You’ve acquired a firearm, studied up on how it operates, learned about gun safety, bought the right ammunition, and picked up some eye and ear protection for shooting. Now, it’s likely you are chomping at the bit to shoot your new gun. That means going to a gun range.

Hitting the Gun Range for the First Time

However, before we get too far, there are basically two types of ranges—outdoor and indoor.

Outdoor rangers are typically where you will be shooting shotguns and rifles, although many have pistol bays also.

Indoor ranges are primarily for shooting pistols, although some allow pistol-caliber carbines and even rifles. Before you go, check with the range you plan to visit to determine if the type of gun you want to shoot is appropriate for that range.

As with any activity involving firearms, safety should be your utmost concern. It’s a good idea to review the rules of firearm safety the night before your range trip.

In case you’ve forgotten, they are:

  • Always keep your gun pointed in a safe direction
  • Treat all guns as if they are loaded
  • Keep your finger off the trigger until you are ready to shoot
  • Be sure of your target and what is behind it.

When planning your first trip to the range, it’s not a bad idea to have an experienced shooter accompany you. Having a seasoned shooter walk you through the steps will reduce uncertainty and stress, leading to a more enjoyable experience.

Range Specific Terminology

Regardless of what kind of range you choose to visit for your first shooting experience, there are some range-specific terms that you should know. Here are a few important ones:

Bench: The bench is the table or stand where shooters rest their firearms and ammunition when not firing.

Hot/Cold Range: A “hot” range means that live firing is taking place. “Cold” means all shooting has stopped.

Firing Line: This is the line shooters stand behind when firing. Never cross it when the range is “hot.”

Downrange: This is the direction guns are fired (toward your target) and should always be pointed.

Commence Firing: Also termed “Fire in the Hole,” at some rural ranges, this is a green light to begin shooting at your targets.

Ceasefire: This is the command to stop firing. When you hear it, stop immediately, place your firearm on the bench, and step back from it.

Lane: Indoor ranges and some outdoor ranges will have lanes. Each person or group will have their own lane. Stay in your lane to shoot.

Many ranges, but not all, will have a Range Safety Officer (RSO) on duty. He or she gives range commands and ensures everyone is following the rules of gun safety.

If the range you are visiting has a range safety officer, it’s a good idea to let him or her know that this is your first time shooting. This will let him or her know that you might need a little extra help. If you have any questions or concerns, this is your go-to person for help.

Tips To Help Enjoy Your Range Experience

While not hard and fast rules, there are a couple of tips that will help you fully enjoy your trip to the range.

First, put on your ear and eye protection before entering the firing area. It only takes one loud blast to damage your hearing, so be diligent about this. Also, if you take your ear and/or eye protection off when the range is cold, be sure to put it back on before you resume shooting.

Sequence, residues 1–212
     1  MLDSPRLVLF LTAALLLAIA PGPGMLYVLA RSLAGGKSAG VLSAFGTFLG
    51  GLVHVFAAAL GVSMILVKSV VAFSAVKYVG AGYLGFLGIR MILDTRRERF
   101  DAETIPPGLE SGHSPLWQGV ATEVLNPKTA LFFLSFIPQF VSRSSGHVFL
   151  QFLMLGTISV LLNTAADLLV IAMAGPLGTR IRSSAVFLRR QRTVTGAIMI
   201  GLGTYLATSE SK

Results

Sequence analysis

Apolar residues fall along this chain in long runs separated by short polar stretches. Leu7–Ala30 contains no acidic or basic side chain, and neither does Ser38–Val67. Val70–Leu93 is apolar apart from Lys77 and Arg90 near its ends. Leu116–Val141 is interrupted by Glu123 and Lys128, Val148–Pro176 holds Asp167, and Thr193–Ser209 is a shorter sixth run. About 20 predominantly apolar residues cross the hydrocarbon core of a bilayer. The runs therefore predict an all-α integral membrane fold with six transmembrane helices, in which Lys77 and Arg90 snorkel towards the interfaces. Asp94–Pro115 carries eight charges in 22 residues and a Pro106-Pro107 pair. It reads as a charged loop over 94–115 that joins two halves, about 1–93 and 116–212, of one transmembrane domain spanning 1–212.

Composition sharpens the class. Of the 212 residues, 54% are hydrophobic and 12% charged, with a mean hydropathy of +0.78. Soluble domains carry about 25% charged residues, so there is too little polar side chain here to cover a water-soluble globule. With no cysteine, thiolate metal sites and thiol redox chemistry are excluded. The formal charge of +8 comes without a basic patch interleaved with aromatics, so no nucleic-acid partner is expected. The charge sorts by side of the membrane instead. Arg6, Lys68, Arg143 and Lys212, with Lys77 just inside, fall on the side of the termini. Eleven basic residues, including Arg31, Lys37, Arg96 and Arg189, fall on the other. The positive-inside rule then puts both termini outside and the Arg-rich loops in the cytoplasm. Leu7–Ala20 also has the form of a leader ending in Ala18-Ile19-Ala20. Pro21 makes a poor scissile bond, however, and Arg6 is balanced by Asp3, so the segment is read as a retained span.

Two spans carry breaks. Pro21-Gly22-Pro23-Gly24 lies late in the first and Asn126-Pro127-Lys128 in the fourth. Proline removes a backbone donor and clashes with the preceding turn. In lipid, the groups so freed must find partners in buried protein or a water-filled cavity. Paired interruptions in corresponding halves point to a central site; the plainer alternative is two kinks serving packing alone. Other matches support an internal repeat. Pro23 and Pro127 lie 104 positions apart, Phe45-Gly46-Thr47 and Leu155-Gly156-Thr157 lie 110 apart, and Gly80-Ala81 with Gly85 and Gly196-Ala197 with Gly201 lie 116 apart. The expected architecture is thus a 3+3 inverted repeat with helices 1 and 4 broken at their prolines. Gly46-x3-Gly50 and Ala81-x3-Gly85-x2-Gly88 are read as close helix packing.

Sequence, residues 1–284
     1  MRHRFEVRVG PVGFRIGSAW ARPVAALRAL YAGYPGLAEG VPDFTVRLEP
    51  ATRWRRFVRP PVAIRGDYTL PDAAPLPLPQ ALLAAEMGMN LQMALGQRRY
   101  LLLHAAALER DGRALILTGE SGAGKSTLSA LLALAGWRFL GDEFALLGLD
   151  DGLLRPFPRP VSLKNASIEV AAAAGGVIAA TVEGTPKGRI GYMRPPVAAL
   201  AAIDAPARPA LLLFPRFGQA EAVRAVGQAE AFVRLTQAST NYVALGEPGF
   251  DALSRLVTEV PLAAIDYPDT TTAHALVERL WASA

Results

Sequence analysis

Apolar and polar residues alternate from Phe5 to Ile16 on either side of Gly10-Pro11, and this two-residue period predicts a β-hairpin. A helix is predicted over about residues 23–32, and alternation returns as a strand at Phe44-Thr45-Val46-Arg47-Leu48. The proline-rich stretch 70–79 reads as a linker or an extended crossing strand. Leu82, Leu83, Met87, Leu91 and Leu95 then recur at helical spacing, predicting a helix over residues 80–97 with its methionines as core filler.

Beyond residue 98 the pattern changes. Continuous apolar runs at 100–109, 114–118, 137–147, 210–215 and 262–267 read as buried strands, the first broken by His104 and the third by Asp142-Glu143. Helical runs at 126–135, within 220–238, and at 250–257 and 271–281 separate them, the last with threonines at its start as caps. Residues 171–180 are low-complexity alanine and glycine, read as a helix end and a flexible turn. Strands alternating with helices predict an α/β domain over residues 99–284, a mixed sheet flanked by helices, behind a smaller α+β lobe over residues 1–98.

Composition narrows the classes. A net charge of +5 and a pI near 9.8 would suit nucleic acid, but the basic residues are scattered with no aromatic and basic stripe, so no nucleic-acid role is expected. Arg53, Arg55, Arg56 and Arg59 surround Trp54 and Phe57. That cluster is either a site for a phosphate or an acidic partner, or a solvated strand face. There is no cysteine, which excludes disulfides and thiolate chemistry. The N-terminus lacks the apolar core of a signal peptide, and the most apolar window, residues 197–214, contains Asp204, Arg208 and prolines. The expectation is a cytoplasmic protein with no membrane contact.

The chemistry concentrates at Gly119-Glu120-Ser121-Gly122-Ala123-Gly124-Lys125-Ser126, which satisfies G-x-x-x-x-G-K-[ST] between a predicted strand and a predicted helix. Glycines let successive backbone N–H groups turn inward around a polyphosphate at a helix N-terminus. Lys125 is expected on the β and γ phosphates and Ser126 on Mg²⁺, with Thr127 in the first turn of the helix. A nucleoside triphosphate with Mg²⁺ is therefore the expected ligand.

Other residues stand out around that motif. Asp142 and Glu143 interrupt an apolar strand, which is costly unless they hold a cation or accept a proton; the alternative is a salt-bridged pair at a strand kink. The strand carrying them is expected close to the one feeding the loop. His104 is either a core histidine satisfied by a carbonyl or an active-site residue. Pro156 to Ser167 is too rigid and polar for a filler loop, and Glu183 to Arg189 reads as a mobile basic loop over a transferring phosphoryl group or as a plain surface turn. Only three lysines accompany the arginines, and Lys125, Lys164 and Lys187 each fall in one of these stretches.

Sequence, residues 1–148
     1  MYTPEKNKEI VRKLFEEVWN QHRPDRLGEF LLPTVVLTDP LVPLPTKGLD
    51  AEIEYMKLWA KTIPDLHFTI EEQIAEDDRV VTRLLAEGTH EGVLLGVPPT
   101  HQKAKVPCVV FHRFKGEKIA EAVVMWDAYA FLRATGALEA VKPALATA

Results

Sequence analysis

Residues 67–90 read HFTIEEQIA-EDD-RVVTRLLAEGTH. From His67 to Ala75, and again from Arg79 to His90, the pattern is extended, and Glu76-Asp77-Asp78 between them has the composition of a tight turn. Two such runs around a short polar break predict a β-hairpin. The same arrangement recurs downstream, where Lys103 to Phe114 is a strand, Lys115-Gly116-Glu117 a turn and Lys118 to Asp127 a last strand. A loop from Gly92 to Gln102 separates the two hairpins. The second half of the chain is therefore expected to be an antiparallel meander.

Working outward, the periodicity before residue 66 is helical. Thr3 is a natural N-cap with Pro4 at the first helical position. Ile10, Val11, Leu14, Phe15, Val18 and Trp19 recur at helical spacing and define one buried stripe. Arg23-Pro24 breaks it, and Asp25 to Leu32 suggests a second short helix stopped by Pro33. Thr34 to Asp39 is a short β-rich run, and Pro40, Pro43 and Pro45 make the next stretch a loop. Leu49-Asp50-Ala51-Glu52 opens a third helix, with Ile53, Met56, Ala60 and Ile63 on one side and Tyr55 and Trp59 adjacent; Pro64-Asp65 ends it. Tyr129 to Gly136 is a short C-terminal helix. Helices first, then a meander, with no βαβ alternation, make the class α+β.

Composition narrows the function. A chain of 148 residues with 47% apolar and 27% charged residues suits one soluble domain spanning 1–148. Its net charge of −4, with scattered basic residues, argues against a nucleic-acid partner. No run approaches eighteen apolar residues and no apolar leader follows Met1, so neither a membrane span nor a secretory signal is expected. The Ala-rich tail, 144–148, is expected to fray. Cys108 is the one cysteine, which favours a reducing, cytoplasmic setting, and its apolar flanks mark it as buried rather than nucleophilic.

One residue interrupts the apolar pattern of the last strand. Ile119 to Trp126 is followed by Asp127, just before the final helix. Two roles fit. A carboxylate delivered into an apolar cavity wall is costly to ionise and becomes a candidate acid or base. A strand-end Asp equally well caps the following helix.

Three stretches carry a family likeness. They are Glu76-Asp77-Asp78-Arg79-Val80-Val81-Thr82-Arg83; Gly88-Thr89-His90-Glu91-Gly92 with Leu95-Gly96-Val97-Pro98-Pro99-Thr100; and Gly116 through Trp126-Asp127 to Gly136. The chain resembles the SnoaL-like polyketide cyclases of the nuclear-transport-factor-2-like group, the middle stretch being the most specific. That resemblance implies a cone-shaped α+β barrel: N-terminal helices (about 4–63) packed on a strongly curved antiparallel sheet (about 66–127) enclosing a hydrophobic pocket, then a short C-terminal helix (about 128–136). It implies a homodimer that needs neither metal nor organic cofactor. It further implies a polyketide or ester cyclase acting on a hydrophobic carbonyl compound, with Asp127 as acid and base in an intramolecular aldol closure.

If you have a hard time remembering this, just leave them on all the time, and you’ll never go wrong.

What to Expect on Your First Range Trip

For brevity’s sake, here’s a brief rundown of what you’ll likely experience on your first visit to a pistol range. Of course, visiting an outdoor range will be different, but many of the same things will apply.

When you go, it’s best to have your gun and ammo in some kind of case instead of in your hands. Range bags are super handy and not that expensive.

First, you’ll enter the shop part of the range, sign any necessary waivers, and pay for your lane. If you’re not with a seasoned shooter, this is a good time to tell the person behind the counter that you are a beginner. You’ll be directed where to go for shooting. Put on your ear and eye pro when entering this area.

You will go to your numbered lane, ensure your gun is unloaded, and lay it on the bench alongside your ammo. Always make sure it is pointing downrange. Some ranges have targets that run mechanically on tracks from your bench downrange and back. On these ranges, there might not be any time the range is “cold.”

Clip your target in and send it to whatever distance you would like.

Some indoor ranges have a mechanical target holder.

However, if shooters walk to their targets, you’ll need to wait until the range is called “cold” before walking down and setting your target.

Once the range is called “hot” or you’ve sent your target downrange mechanically—if there is no “cold” period—it’s time to shoot.

Carefully load your gun, keeping it pointed in a safe direction. You’re ready to take your first shot. Be careful and enjoy. When not shooting, it’s best to always have your gun unloaded, lying on the bench, and pointing downrange.

Follow the Rules and Have Fun

You are likely to be nervous on your first trip to the range, but you must rise above that. If you need help with something, there are typically plenty of seasoned shooters around willing to lend a hand.

There are a lot more things to know about shooting at ranges. But you’ll pick up many nuances over your first several trips. However, if you always follow the rules of gun safety, follow the range rules, and pay attention to the Range Safety Officer, you’ll find shooting just as much fun as you hoped it would be!

Wherever you go, experienced shooters will usually be happy to help.

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